Progarchives, the progressive rock ultimate discography
Genesis - The Lamb Lies Down On Broadway CD (album) cover




Symphonic Prog

4.30 | 2807 ratings

From, the ultimate progressive rock music website

Prog Reviewer
2 stars This has to be one of the most over-rated prog rock albums in my opinion. This may be heresy to a lot of proggers, but I cannot say that I really enjoy this album enough to give it any higher than 2 stars! I've gone up and down the reviews list, and there are other reviewers on this site who agree with me, so I know it's not just me that believes there are some serious flaws with this album that is rated so highly.

Lets start with the obvious. The story, it's a bit silly isn't it. I wouldn't say that this alone is a bad thing, since Gong proved outright that silly can be great with their Radio Gnome Invisible trilogy. This story though is presented far too seriously. Genesis were always known to be good story tellers, but somehow they get it all wrong here. With '...Hogweed' and '...Friday' you felt they were telling faux-fables, which had a slightly comic air about it. With The Lamb Lies Down On Broadway however, after a few songs your going to be utterly confused as to what's going on here. A man named Rael is transported to a dream world and tries to save his brother John is the simplest way to explain it, but the story is so convoluted with redundant parts and nonsensical parts that it's difficult to keep interested. The Hipgnosis designed cover, while looking very cool, just doesn't fit Genesis music either, making the album look extremely cold and serious. The Paul Whitehead album covers made the albums seem somehow warmer and more inviting. Between the bizarre lyrics and Gabriel's cryptic story in the liner notes, the listener is left to piece together the story for themselves.

Second, there are too many songs! Granted this is a double LP, but there are 11 songs on the first disc, and 12 songs on the second: too many for a band as symphonic as Genesis. This works out at an average of 4:06 per song! I can't help myself, I like longer songs! Dissappointingly, there are no songs over 10 minutes in length; the longest songs are In the Cage and The Colony of Slippermen both being 8:12 in length. But in fact they don't even last this long: 'In the Cage' has a bizarre minute long coda, and 'The Colony of Slippermen' has an awkward 1:48 intro. The short song structure gives the album a rather convoluted feel, which goes well with the convoluted feel of the story.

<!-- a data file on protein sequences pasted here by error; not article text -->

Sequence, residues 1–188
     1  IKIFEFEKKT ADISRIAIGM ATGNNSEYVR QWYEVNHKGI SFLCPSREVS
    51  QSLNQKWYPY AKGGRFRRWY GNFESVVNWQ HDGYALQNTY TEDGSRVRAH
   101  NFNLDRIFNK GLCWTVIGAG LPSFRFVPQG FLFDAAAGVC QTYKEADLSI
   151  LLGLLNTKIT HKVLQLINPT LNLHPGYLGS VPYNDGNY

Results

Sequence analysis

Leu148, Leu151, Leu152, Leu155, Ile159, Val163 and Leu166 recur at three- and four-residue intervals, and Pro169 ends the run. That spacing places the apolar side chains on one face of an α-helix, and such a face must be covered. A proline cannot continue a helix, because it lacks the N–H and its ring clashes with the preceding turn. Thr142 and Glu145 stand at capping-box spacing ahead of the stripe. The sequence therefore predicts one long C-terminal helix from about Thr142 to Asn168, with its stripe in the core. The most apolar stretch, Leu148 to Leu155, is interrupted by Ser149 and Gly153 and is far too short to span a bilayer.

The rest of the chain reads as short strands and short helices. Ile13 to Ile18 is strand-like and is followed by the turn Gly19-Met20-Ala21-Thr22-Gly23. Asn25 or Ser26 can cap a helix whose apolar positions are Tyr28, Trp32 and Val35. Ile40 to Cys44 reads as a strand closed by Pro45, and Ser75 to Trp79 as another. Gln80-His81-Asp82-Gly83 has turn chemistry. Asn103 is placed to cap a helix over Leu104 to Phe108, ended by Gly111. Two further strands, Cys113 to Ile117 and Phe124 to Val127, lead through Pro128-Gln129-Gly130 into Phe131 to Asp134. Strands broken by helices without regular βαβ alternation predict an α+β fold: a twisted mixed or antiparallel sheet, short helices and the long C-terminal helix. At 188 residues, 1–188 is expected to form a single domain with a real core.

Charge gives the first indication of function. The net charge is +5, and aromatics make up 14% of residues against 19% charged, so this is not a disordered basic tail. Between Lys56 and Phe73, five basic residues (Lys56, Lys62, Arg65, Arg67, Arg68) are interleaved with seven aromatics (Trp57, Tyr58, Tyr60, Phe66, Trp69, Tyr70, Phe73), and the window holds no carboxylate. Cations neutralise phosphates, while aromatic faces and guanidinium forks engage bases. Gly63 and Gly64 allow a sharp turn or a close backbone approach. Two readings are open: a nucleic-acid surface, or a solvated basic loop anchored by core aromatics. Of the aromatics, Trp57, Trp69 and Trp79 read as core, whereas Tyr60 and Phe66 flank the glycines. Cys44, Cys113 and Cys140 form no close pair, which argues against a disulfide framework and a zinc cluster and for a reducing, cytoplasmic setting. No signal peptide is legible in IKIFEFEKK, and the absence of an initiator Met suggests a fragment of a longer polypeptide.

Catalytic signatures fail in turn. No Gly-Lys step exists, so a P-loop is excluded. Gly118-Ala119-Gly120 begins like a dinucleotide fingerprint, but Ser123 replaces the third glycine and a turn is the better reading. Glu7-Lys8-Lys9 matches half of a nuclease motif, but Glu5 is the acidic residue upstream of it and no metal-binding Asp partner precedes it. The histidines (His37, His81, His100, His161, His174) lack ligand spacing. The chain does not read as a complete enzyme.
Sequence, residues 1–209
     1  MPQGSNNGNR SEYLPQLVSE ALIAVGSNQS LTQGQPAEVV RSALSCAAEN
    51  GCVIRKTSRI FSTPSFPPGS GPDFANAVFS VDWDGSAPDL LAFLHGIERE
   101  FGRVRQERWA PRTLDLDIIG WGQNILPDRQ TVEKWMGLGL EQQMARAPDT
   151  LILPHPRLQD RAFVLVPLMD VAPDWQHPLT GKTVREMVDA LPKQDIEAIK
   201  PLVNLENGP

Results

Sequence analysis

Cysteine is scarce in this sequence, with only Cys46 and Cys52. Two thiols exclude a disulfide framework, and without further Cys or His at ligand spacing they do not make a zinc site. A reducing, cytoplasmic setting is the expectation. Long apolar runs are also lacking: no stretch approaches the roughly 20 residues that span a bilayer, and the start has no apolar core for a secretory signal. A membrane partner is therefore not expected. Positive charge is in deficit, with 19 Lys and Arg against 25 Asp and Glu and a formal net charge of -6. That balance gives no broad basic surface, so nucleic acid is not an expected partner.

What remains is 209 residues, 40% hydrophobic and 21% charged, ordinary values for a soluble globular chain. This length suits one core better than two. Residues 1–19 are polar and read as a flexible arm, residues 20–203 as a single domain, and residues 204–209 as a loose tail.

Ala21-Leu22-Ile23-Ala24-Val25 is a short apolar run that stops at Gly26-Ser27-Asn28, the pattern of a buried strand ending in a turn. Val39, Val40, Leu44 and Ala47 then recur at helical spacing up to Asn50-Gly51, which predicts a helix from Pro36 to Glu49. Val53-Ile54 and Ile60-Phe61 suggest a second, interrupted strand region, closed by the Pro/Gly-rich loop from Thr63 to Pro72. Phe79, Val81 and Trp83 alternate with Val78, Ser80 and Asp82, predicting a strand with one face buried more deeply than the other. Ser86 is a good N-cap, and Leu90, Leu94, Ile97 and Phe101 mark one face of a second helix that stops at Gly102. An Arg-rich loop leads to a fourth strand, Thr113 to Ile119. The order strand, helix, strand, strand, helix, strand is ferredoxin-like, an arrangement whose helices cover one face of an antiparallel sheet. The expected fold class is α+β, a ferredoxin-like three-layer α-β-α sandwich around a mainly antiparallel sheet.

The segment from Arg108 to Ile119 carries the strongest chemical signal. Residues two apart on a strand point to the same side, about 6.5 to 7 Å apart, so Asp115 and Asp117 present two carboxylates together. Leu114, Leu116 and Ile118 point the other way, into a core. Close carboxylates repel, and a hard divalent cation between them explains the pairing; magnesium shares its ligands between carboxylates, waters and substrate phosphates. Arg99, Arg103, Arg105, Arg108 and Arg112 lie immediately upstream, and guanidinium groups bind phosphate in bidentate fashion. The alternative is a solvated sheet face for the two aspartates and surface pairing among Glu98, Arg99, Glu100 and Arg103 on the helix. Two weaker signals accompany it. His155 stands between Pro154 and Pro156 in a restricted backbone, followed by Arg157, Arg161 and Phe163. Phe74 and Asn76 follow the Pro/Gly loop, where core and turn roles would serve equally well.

Most importantly though, the music itself is very inconsistent. I can safely say that no individual song on here is a stunner. There is certainly nothing of the standard of 'The Musical Box' or 'Firth of Fifth'. Thankfully though, there are a few good highlights in this album. The frenetic keyboard solo from 'In The Cage' is the main reason I listen to that otherwise OK song. The lyric I see no sign of free will, so I guess I have to pay! is really clever. Counting Out Time is a great tune, tricking you into thinking it's a bouncy pop tune, but upon close listening revealing itself as quite a twisted dark track. The melody for the song Anyway was actually written as far back as 1969, five years before the album itself, but fits beautifully here. The lyrics and sound of the song are just brilliant and leave you wanting more. This leads into Here Comes The Supernatural Anaesthetist which has a fantastic yet brief vocal section right at the beginning, before going into a very awkward groove. These are all the really good highlights I can think of.